Book Information
Title: Inside Macromedia Flash MX
Author: Jody Keating (Fig Leaf Software)
Published by: New Riders.
RRP: US$49.99 (Less at Amazon)
Format: Mass-market paperback
User Level: Unknown
Review By:
Hans Kaiser for


There's just something about the weight of an 880 page book that inspires confidence in it's content. Unfortunately sometimes the weight just transfers into useless fluff. Fortunately that is not the case with "Inside Macromedia Flash MX" a new offering by New Riders. This book is geared toward the intermediate to advanced user, but even a novice can glean valuable information form the mountain of information.

Whereas a lot of books start out by including the most rudimentary information, Inside Flash MX cuts through the clutter and presents information, which the serious Flash Developer will use on a day to-day basis. The chapters are well organized and thoughtfully written, giving step-by step examples of the code used. In addition, this book ships with a CD-ROM that includes all of the open source files that are covered in the book. Chapters of special notice include, Inside the Drawing API, (which examines in depth the new features of this Flash MX feature), Components, A Poet's Introduction to Physics (which explains some very technical issues in terms that the artist can relate to), Server-Side Communication, Flash Remoting and Communicating with the Host Application.

The author has a knack for presenting the material in an easy to understand fashion, and illustrates her points with excellent examples that are easy to follow. This is the kind of book that the reader can come back to again and again for specific topics, or read through from start to finish. In this manner it doubles as both as a software manual and reference manual. In fact an Action Script Quick Reference section is included at the back of the book. This comes in very handy when specific code needs to be addressed or when code syntax needs to be verified.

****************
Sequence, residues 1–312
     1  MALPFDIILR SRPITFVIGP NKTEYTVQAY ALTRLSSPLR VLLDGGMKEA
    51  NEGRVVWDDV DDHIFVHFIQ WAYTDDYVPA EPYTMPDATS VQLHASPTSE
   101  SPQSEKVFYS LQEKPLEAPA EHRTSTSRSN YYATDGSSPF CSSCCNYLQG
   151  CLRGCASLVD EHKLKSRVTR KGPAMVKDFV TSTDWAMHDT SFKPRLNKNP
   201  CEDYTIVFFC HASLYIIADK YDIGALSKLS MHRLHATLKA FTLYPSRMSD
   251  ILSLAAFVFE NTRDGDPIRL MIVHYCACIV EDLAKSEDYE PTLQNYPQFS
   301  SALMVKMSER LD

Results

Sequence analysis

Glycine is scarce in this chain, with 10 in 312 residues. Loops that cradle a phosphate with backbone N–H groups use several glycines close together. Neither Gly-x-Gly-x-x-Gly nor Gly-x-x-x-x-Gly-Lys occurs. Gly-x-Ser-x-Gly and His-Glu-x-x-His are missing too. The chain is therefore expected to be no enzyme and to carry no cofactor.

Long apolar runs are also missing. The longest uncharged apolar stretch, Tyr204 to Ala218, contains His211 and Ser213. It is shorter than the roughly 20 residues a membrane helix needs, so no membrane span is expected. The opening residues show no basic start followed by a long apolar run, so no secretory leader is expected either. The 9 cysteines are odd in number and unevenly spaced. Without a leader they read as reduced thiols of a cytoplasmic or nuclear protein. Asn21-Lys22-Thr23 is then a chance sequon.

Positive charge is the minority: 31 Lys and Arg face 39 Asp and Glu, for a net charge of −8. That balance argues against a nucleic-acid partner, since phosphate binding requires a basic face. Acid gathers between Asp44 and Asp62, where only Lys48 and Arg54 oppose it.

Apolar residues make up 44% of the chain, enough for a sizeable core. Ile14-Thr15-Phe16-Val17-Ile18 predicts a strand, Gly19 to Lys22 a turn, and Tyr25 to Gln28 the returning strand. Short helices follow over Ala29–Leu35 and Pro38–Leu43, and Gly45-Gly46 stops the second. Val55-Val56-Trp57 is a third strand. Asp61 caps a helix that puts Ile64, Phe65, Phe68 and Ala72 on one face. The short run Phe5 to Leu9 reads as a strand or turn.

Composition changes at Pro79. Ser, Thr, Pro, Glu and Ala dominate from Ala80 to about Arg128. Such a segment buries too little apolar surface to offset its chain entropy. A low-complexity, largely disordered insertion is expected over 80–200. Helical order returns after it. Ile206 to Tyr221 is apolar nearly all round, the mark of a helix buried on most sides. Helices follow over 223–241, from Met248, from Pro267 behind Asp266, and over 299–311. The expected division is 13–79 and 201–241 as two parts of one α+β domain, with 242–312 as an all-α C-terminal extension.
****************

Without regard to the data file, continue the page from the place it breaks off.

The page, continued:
The sheer volume of content makes this book an excellent resource for the devoted Flash user. The sections on extending Flash to deal with Server-Side Communication and Remoting create an excellent base for anyone interested in learning more about that aspect of Flash development. All in all, if you need a solid reference book and/or want to find out about the inner workings of Action Script and Flash, this book will fit the bill nicely. I have found it to be an invaluable addition to my Flash library and am looking forward to further editions of this edition.

Hans Kaiser